Competitive Tension: The Value of contestable public services in a post-pandemic world

In collaboration with the Australian think tank the Menzies Research Centre, the Serco Institute has developed a new insightful report Competitive Tension: The Value of contestable public services in a post-pandemic world. The research finds that by introducing a ‘competitive edge’ to many areas of the public sector, services from public transport to healthcare can be markedly improved, productivity increased, and employment opportunities expanded.

The report finds that a focus on the principles of contestability and user-satisfaction can deliver public services that are 20-25% more efficient.  It also includes case studies of contestable service delivery in Australia and around the world which show that when governments set quality and efficiency standards, contestability can frequently improve performance and service delivery. 

Included in the report’s 12 recommendations are calls for:

  • Contestable processes to be the default strategy for public service delivery
  • Giving employees a voice in contestable processes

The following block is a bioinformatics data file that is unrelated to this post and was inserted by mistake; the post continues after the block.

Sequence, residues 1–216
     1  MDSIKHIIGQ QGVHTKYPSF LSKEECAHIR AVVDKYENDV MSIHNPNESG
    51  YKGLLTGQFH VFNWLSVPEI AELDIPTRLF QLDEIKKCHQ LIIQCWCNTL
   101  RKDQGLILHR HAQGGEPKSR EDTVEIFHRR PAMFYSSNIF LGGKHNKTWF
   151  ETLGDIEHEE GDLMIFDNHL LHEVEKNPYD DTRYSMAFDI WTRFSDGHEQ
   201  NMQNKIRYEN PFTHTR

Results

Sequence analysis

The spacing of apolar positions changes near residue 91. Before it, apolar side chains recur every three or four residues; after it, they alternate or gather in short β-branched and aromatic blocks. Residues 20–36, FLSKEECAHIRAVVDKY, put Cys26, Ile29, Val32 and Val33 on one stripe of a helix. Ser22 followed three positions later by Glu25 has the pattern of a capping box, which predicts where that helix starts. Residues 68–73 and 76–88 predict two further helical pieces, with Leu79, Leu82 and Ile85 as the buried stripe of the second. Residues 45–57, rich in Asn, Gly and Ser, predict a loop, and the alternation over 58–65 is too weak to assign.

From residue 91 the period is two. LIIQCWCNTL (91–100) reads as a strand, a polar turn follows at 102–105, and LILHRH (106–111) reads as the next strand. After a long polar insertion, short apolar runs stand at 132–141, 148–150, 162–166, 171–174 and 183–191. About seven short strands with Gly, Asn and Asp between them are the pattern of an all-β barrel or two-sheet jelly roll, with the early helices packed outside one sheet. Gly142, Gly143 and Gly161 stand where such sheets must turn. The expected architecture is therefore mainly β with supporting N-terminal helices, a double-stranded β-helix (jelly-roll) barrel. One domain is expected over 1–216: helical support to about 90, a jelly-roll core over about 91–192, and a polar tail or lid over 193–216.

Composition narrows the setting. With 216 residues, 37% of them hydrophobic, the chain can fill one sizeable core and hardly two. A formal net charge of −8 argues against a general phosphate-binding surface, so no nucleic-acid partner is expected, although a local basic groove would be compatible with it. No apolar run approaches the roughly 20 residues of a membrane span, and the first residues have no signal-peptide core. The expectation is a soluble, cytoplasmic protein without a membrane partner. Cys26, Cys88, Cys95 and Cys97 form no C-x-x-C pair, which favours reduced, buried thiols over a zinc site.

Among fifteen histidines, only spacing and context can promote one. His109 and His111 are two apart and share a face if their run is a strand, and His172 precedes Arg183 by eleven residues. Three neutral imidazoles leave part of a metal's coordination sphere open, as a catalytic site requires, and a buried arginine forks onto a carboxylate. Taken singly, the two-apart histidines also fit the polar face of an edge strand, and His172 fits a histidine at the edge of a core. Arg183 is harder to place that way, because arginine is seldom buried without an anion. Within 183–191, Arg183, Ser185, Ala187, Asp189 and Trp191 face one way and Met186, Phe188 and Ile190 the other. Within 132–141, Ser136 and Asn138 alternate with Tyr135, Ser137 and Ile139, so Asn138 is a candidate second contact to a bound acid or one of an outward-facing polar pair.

• Empowering citizens to make their own choices on both which services they want, and which providers they choose to use
  • Commissioning public services based on outcomes and objectives

The report’s chief authors are former New South Wales legislator Dr Peta Seaton AM, public policy expert and former Policy Director for three NSW Premiers Matt Crocker, and prominent economist Henry Ergas AO, who previously worked at the OECD and Australian Competition & Consumer Commission.

The reports chief authors are former New South Wales legislator Dr Peta Seaton AM, public policy expert and former Policy Director for three NSW Premiers Matt Crocker, and prominent economist Henery Ergas AO, who previously worked at the OECD and Australian Competition & Consumer Commission.

The Covid pandemic has demonstrated how important a contestable and diverse marketplace is to community and economic wellbeing: The resilience rather than reliance it can create; the spirit of innovation rather than stagnation it inspires; the flexibility rather than rigidity it encourages.

This report hopes that contestability as ‘the default setting for all public service provision’ will prove to be one of the positive lasting legacies of the pandemic.

Read the full report here

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